|Lupinus sulphureus ssp. kincaidii|
Lupinus sulphureus (sulphur lupine, sulphur-flower lupine) is a species of lupine, a flowering plant of the legume family, Fabaceae. It is native to western North America from southern British Columbia south through Washington to Oregon. It is a perennial herbaceous plant growing to 40 to 80 cm tall. The leaves are palmately compound, with 7 to 13 leaflets each 2 to 5 cm long. The flowers are produced in whorls on a spike 12 to 20 cm long.
There are three subspecies:
- Lupinus sulphureus subsp. kincaidii (Kincaid's lupine; syn. L. oreganus subsp. kincaidii). Willamette Valley of western Oregon and parts of southwestern Washington. Flowers purple. Threatened.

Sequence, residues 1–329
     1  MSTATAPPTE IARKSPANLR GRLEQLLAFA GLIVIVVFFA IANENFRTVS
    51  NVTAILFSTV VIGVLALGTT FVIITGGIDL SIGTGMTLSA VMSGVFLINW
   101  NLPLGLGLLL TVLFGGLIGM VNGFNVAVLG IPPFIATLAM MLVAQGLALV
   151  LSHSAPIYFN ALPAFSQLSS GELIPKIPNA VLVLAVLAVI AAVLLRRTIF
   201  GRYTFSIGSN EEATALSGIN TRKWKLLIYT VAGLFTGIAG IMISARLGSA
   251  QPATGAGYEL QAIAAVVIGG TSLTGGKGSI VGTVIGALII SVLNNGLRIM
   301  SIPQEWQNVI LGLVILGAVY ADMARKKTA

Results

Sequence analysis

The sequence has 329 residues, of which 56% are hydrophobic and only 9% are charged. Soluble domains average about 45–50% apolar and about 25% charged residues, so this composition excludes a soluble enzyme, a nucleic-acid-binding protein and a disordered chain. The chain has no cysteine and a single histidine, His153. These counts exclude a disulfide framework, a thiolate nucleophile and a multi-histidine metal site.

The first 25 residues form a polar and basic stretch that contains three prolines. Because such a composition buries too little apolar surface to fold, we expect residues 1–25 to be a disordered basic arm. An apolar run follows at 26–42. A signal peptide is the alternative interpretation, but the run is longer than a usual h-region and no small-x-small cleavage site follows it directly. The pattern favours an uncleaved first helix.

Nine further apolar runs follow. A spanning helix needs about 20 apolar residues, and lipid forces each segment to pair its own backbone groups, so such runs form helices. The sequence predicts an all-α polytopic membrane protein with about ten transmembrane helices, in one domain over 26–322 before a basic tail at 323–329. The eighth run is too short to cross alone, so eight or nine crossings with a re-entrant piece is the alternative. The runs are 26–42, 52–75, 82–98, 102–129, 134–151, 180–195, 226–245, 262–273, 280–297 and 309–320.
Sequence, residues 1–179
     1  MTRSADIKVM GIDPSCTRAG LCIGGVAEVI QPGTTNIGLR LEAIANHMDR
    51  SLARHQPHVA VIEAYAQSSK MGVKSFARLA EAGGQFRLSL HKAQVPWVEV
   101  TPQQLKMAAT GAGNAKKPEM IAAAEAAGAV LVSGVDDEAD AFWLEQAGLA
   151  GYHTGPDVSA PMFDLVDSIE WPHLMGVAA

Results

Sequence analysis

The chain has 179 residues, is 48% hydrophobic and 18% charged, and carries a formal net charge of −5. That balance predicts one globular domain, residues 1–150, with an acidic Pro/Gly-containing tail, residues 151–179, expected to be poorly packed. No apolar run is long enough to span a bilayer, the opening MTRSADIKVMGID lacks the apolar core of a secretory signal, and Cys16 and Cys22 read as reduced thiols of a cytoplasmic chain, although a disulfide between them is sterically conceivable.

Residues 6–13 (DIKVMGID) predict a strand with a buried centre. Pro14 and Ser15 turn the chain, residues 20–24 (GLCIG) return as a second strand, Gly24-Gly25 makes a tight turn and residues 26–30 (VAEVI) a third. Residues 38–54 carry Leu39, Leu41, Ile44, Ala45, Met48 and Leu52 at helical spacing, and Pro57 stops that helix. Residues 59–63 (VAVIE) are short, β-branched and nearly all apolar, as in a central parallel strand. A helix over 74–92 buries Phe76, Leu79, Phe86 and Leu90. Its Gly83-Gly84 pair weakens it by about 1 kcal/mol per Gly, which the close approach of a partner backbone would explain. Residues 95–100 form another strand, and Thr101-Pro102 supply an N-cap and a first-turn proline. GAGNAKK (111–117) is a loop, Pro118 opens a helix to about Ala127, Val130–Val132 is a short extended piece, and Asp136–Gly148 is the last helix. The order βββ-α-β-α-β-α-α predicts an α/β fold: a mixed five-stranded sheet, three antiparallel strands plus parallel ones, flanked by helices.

- Lupinus sulphureus subsp. subsaccatus. Southern British Columbia south to Oregon. Flowers yellow.
- Lupinus sulphureus subsp. sulphureus. Eastern Washington and eastern Oregon. Flowers yellow.
Fender's blue butterfly, an endangered species, is host-specific on Kincaid's lupine. Its larvae eat the leaves during the fall and spend the winter among the roots. In spring, the larvae continue to feed on the leaves before pupating.
- Lupinus sulphureus. NatureServe. 2012.